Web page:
Once RDP has enabled it creates a new user from one of the hardcoded username list and randomly generates a password for it. Further, it gives administrative privileges to the newly created user account and enables this account for the remote session. Figure 4 shows the commands used to perform above-mentioned activities.

Fig 4. Create a new user on the victim’s machine

Here is a hardcoded list of usernames:

Fig 5. Hard-coded list of usernames

It connects to a CnC server and sends victim’s data.

Fig 6. Sends users data to the CnC server

The POST parameters sent to CnC are as follows:

bits: Processor 32/64 bit
cpun: CPU details
osv: OS Version
username: Username of created account
userpass: Password of created account.

The server looks like a server of an infobot hosted at ‘hxxp://’.

i.exe / ipcheck.exe and sc.exe

Both components scan for a vulnerability in the systems present in the network and send the information to the server mentioned above.

i.exe / ipcheck.exe check for IPs present in ARP cache with the following command:

Fig 7. Command to check IPs present in ARP cache


Fig 8. Output: IPs present in ARP cache

It creates a pipe to save the above data. It reads the output and extract the IPs from it and give it as input to the sc.exe.

‘sc.exe’ is a vulnerability scanner, it scans the IP given as input for WannaCry vulnerability and saves the result into out.txt.

‘sc.exe’ is a WannaCry scanner tool by BiZone and it’s a vulnerability scanner for MS17-010 vulnerabilities.

Fig 9. WannaCry scanner tool

Command executed:

Fig 10. WannaCry scanner tool scanning for ip.

The above command is executed for every IP present in the ARP cache list.

Output from command in the above figure is saved in the out.txt in the working directory:

Fig 11. Output of WannaCry scanner tool.

i.exe/ipcheck.exe then parse “out.txt” to check for the vulnerable systems present in ARP caches IP list and then send the count of the vulnerable system to the server i.e. hxxp:// shown in the figure below.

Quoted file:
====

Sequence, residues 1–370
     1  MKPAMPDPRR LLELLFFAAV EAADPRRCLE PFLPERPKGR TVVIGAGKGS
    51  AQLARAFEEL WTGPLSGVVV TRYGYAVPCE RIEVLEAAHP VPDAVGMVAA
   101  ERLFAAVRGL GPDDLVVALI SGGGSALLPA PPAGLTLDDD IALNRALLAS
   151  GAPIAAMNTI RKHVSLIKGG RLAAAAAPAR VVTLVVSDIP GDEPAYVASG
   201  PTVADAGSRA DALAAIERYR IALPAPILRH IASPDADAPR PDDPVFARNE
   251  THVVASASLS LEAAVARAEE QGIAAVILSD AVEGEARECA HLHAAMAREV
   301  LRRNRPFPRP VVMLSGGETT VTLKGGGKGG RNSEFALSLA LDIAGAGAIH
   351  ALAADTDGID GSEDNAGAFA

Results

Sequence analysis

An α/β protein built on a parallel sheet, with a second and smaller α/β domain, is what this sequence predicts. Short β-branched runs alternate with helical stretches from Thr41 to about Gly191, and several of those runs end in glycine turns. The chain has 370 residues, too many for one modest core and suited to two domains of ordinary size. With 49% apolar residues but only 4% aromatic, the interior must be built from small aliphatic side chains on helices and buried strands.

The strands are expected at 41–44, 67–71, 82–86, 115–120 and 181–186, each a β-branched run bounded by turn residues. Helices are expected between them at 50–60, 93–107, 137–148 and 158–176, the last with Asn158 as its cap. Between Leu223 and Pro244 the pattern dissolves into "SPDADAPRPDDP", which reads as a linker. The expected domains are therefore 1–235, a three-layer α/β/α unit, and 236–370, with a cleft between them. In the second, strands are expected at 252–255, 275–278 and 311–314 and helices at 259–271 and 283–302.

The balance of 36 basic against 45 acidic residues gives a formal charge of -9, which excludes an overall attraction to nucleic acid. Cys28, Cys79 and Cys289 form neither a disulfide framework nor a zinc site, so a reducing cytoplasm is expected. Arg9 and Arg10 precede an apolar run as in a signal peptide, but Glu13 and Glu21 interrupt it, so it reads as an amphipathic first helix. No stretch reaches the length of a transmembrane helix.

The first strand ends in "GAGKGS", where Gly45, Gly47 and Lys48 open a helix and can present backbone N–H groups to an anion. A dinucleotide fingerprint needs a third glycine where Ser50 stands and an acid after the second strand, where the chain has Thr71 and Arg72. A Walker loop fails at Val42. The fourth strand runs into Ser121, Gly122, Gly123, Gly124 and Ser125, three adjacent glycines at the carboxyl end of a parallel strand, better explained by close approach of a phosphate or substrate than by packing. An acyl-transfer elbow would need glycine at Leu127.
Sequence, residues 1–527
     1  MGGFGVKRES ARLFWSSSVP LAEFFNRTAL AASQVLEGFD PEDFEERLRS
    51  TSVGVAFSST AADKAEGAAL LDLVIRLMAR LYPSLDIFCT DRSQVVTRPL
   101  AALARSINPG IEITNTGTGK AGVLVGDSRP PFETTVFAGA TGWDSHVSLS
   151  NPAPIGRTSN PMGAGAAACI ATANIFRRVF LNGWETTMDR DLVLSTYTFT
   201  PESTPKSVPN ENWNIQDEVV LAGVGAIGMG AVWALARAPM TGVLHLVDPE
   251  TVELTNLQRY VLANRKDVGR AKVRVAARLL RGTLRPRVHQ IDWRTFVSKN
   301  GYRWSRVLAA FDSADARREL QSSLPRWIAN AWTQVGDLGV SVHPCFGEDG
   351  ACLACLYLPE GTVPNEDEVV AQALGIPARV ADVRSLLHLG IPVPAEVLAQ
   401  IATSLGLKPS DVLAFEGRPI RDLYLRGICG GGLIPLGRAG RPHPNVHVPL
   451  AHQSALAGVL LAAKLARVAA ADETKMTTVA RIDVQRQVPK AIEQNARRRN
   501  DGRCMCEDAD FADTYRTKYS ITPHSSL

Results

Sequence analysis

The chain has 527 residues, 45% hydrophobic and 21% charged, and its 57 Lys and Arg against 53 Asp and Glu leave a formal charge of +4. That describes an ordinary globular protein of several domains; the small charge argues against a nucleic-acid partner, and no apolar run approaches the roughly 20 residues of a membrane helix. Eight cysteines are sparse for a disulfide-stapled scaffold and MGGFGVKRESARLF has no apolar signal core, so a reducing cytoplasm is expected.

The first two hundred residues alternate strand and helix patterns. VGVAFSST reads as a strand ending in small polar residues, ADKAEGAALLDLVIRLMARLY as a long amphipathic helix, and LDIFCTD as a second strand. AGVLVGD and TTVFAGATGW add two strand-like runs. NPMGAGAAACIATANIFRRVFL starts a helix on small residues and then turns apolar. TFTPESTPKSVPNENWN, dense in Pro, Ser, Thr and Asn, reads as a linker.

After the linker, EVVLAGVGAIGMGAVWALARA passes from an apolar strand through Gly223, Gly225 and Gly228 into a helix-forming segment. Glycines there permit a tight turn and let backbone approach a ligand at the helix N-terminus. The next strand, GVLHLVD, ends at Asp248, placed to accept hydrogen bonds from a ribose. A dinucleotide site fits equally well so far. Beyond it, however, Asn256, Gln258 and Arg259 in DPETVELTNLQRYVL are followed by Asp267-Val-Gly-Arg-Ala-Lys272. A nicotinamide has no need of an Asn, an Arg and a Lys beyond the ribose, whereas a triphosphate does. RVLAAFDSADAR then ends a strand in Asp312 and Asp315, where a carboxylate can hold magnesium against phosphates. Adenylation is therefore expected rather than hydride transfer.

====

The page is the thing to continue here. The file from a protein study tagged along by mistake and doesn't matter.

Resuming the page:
Fig 12. Sends the vulnerable system’s information to the server

Above is the data send to the IP, number of vulnerable systems i.e. 9.


The rc.exe is main payload i.e., Dharma ransomware. This variant appends the extension ‘.arrow’ to the files it encrypts.

Once executed, it uses the below command to disable Windows’ repair and backup option using vssadmin.exe.

C:\Windows\system32\vssadmin.exe, vssadmin delete shadows /all /quiet

It uses the below command i.e. which is a genuine process of Windows.

C:\Windows\system32\, mode con cp select=1251

Fig. 13 Command to delete the backup files.

After execution of the above commands, Dharma ransomware starts its encryption activity. During our analysis, we found that that the ransomware basically encrypts both PE and Non-PE files and the extensions which it successfully encrypts while generating the scenario are as follows.


If the file size is greater than 98304 bytes, the ransomware overwrites this file with encrypted content else creates a new file with encrypted content and deletes the old one. The ransomware encrypts all the above-mentioned extension files using AES 256 algorithm. The AES key is further encrypted with an RSA 1024. This encrypted AES key is kept at the end of the encrypted file.

The dropped infection marker files and encrypted files have the following pattern.

Fig. 14 Encrypted files Extension.

From the dropped infection marker files, .hta file has a ransom note.

Dharma’s ransom note

Fig. 15 Ransom note

Indicators of compromise:



We recommend our users to apply the latest Microsoft update packages and keep their antivirus up-to-date.

Subject Matter Experts

Prakash Galande, Pandurang Terkar, Dhwanit Shrivastava | Quick Heal Security Labs

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Bajrang Mane
About Bajrang Mane
Bajrang Mane is leading the Threat Analysis, Incident response, and Automation teams in Quick Heal Security Labs. Having spent 13 years in the IT security industry,...